What’s Missing

Posted: May 9, 2017 in Artistry, Cinema, Consumerism, Culture

Pessimists, misanthropes, fatalists, and doomers (I’m all types) often find themselves defending the position that maybe we don’t live at the very best, super-duper, tippy-top time in history, that although technology in particular has admittedly delivered some amazing innovations and improved our material conditions considerably even over our fairly recent past, we nonetheless lack spirituality and meaning — unless of course one’s spirituality and meaning are mistakenly found in technology. The technological sublime is so deceptively glamorous and ubiquitous that it obscures the idea that maybe another time and place made for a more ethical, moral, and noble life. (Experience varied widely, obviously.) In addition, personal freedoms enjoyed in liberal democracies are difficult to argue against, though that’s more characteristic of those at the very top of the socioeconomic heap than those of us below who know to keeps things buttoned up lest we discomfit our betters. Perhaps the most broadly enjoyed modern development is increased lifespan borne out of improved healthcare. And quite recently, the grossly expanded communications age (the information age is nested inside) reputedly makes learning and keeping in touch far easier than ever before. I won’t dispel any of these. However, I have two complaints against modernity as evidenced by a body of posts extending back through the life of this blog: life lacks many salutary aspects delivered passively by bygone social structures and technology smuggles in a host of problems with its bounty.

Among the failed attributes are (1) lack of a cohesive narrative for what life ought to mean beyond grubbing for money, chasing fame and social cachet, and overpopulating the planet with progeny (many of whom suffer neglect while parents are away grubbing for money), (2) lack of true community and social conditions necessary to be properly situated within a wholesome context, (3) spiritual and emotional vacuity, (4) destructive social presences and bullying, especially online (as exemplified by the Bully-in-Chief) and by civil authorities, (5) unrelenting, disorienting technological and social change, including slang and memes that are impossible to track fully without being in the thrall of celebrities, pundits, and media in general, (6) little prospect of things improving near term, and (7) the still-dawning realization that, like the existential angst from the so-called Atomic Age and its threat of complete nuclear annihilation, we possess tools sufficient to destroy ourselves many times over (including rotting ourselves out from the inside in a fevered race to the cultural bottom) and have unwittingly fired the slo-mo suicide gun. We’re only just waiting for the bullet to strike its target. Since the gun is industrial civilization, the target is all of us. Dead men walking, or perhaps more accurately, the zombie shuffle.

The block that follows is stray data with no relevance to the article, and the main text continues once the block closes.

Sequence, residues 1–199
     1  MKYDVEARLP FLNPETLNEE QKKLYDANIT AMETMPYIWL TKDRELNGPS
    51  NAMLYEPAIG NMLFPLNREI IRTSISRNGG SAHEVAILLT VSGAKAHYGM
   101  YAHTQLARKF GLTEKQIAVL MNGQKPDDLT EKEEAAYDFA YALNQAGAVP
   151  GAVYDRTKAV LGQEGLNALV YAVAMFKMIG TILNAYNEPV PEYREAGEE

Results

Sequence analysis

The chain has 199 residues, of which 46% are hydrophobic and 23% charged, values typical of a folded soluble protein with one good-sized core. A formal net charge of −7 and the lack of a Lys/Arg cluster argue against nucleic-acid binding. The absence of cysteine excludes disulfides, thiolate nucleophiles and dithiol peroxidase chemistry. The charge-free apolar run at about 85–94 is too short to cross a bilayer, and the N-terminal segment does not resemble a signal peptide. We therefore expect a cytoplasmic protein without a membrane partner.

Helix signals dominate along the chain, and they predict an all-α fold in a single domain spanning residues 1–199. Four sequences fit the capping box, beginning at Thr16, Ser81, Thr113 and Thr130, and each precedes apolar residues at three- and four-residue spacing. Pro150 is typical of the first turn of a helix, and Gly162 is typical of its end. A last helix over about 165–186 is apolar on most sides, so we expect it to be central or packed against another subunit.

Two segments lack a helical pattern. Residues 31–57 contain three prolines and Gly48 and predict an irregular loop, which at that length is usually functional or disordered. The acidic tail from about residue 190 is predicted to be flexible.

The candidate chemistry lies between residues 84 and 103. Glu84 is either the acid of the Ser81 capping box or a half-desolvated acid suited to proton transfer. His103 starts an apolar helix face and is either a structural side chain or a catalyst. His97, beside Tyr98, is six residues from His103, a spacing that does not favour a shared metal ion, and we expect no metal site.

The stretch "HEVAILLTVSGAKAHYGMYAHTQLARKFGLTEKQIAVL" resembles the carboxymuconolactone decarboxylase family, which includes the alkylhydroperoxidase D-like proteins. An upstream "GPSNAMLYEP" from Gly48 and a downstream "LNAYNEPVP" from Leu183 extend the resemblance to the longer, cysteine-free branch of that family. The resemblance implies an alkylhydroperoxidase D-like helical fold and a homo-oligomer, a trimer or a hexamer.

A significant minority has replied to this set of miserable circumstances by voting into office our our current president, 45. According to one astute commentator, 45 was never understood as a solution but rather a murder weapon used by the disenfranchised to kill the host, namely, our sick society run by plutocrats maniacally hellbent on destroying everyone outside their immediate concern, which is just about everybody.

James Howard Kunstler, a far better writer than I am, speaks to some of these issues (I borrow from and cite him liberally), observing in a recent blog at Clusterfuck Nation the unacknowledged, unaddressed, and under-reported U.S. opioid epidemic. Here is a good portion of the relevant text, quoted at some length because his themes bear reinforcement: